My Lords, there are 1.25 million job vacancies in the economy. There are skills shortages in every sector, every area of skill and every part of the country. We have an immigration policy that is not focused on business need and an underinvested, overstretched infrastructure. Does the Minister accept that we need action, not just communication, to heal our badly broken economy?

Of course we need action. I agree with the noble Lord on that, and we will hear the Chancellor’s latest proposals on Thursday. It is a difficult issue that needs resolving, but one of the consequences of our record low levels of unemployment is skills shortages. However, we have a skills plan to invest across the whole range of the economy to make sure that we have the skills we need.

My Lords, the Financial Services and Markets Bill received significant submissions of written evidence from business, industry and commerce, including many from the City who welcome the Bill but call for a number of commitments on the transition from EU to UK regulation. Recent government actions have undermined faith in the City, at a time when we need to listen closely to our world-class financial and professional services. What assessment have the Government made of submissions to the Bill and what further steps will they take to engage productively as it continues its passage through both Houses?

I agree with the noble Lord on the importance of our world-class business and professional services in the City of London. Perhaps he can have a word with his noble friend about the importance of these industries to the country. Of course, we will continue to liaise with all City firms; we will not always agree on everything, because appropriate regulation is important, but we will continue to liaise with them.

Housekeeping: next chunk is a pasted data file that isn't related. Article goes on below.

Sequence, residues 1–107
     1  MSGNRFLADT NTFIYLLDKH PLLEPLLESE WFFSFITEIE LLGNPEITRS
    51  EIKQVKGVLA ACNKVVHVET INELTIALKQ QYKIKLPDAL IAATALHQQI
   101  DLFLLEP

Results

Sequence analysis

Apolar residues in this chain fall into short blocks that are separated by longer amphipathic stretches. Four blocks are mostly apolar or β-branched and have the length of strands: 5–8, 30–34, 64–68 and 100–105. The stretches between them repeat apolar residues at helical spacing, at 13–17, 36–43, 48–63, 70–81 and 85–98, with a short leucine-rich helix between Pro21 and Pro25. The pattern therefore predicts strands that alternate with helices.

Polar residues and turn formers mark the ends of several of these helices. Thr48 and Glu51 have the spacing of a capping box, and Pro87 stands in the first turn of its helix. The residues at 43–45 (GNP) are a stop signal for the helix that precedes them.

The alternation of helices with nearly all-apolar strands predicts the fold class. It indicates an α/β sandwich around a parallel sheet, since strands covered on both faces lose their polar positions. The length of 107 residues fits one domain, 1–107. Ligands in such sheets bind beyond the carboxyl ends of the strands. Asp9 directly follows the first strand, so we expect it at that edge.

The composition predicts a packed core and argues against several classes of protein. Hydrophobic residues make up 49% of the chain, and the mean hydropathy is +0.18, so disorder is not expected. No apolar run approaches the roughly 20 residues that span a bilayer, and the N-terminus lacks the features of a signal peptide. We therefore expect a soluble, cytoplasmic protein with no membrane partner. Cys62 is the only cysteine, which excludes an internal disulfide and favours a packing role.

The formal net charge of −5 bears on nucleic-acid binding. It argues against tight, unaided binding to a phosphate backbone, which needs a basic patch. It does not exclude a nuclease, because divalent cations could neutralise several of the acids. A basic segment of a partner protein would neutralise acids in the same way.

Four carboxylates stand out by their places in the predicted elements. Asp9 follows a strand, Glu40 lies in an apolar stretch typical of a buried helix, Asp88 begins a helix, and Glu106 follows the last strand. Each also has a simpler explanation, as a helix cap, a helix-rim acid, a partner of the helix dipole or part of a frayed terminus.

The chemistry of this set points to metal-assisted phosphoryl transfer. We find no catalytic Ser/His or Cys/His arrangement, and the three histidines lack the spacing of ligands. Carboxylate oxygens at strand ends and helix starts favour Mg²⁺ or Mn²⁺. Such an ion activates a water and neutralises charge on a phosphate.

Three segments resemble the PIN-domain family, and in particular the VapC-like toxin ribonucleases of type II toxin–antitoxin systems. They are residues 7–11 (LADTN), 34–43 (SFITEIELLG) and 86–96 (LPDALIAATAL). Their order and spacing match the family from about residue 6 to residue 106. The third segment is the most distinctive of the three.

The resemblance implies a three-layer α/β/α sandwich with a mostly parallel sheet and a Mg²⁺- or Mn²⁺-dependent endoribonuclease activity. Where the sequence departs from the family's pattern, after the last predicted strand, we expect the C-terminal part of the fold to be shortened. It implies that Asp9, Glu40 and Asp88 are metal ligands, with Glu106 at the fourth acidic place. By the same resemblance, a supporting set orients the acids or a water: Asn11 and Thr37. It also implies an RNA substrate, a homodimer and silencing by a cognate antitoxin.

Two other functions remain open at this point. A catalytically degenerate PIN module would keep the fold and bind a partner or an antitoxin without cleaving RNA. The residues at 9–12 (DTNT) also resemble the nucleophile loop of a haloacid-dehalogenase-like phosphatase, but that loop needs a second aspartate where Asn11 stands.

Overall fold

My Lords, in view of some of the speculation that took place soon after the new Government came in about their commitment to nuclear power, will the Minister confirm that they are committed to it, particularly to the SMR programme?

I am happy to give the noble Lord the commitment he seeks. Nuclear power will be an important component of our energy infrastructure and it is also important that we continue to invest in the SMR programme.

My Lords, is the message that the Government seek to convey to the City and to commerce that a Conservative Government are best equipped to clear up the mess that only a Conservative Government could make?

I thank the noble Lord for his helpful question. The message we seek to convey is that the City of London is an important component of the UK financial infrastructure. It makes an important contribution to the UK economy. Proportionate regulation is vital to this sector, but we continue to encourage and support it.

My Lords, while we welcome better communications between government and businesses, how aware are the Government of the concept of rent-seeking, in which businesses may ask for measures that are beneficial to them but detrimental to other sectors?

My noble friend makes an important point. We had a lot of experience of this in the European Parliament, as a lot of businesses would lobby for regulation that was favourable to them and would perhaps encourage regulation that was unfavourable to their competitors. We have to be careful to make sure that such practices are not widespread. It is important that we continue to engage with businesses. As I said earlier, we will not always agree, but we need to listen to what they say.

My Lords, businesses in the City of London and industry in general are keen to share their views on how to improve the international competitiveness of the United Kingdom. Can the Government ensure that those views are actively canvassed at an early stage when undertaking consultation as part of developing legislation?

I can give the noble Lord that assurance. We have been engaging extensively with the City of London financial services firms in the development of the related legislation that will shortly be before your Lordships.

My Lords, in this Evidence Week, I draw the Minister’s attention to the fact that researchers in the University of Sheffield have shown that, between 1995 and 2015, the finance industry—sometimes referred to as the City of London—made a negative contribution of £4,500 billion to the UK economy. Have the Government investigated this, and will a report be published on it?

The short answer to the noble Baroness’s question is no. I have no idea what she is talking about or indeed where she has got the figures from. The last figures that I saw showed that the financial services industry—which is not just in the City of London—contributes tens of billions of pounds to the UK economy. The noble Baroness and her friends are always talking about more public expenditure and the need to spend more in every sector. Somebody has to earn that money, and one of the principal earners for the UK is the City of London. We should be proud of the contribution that it makes.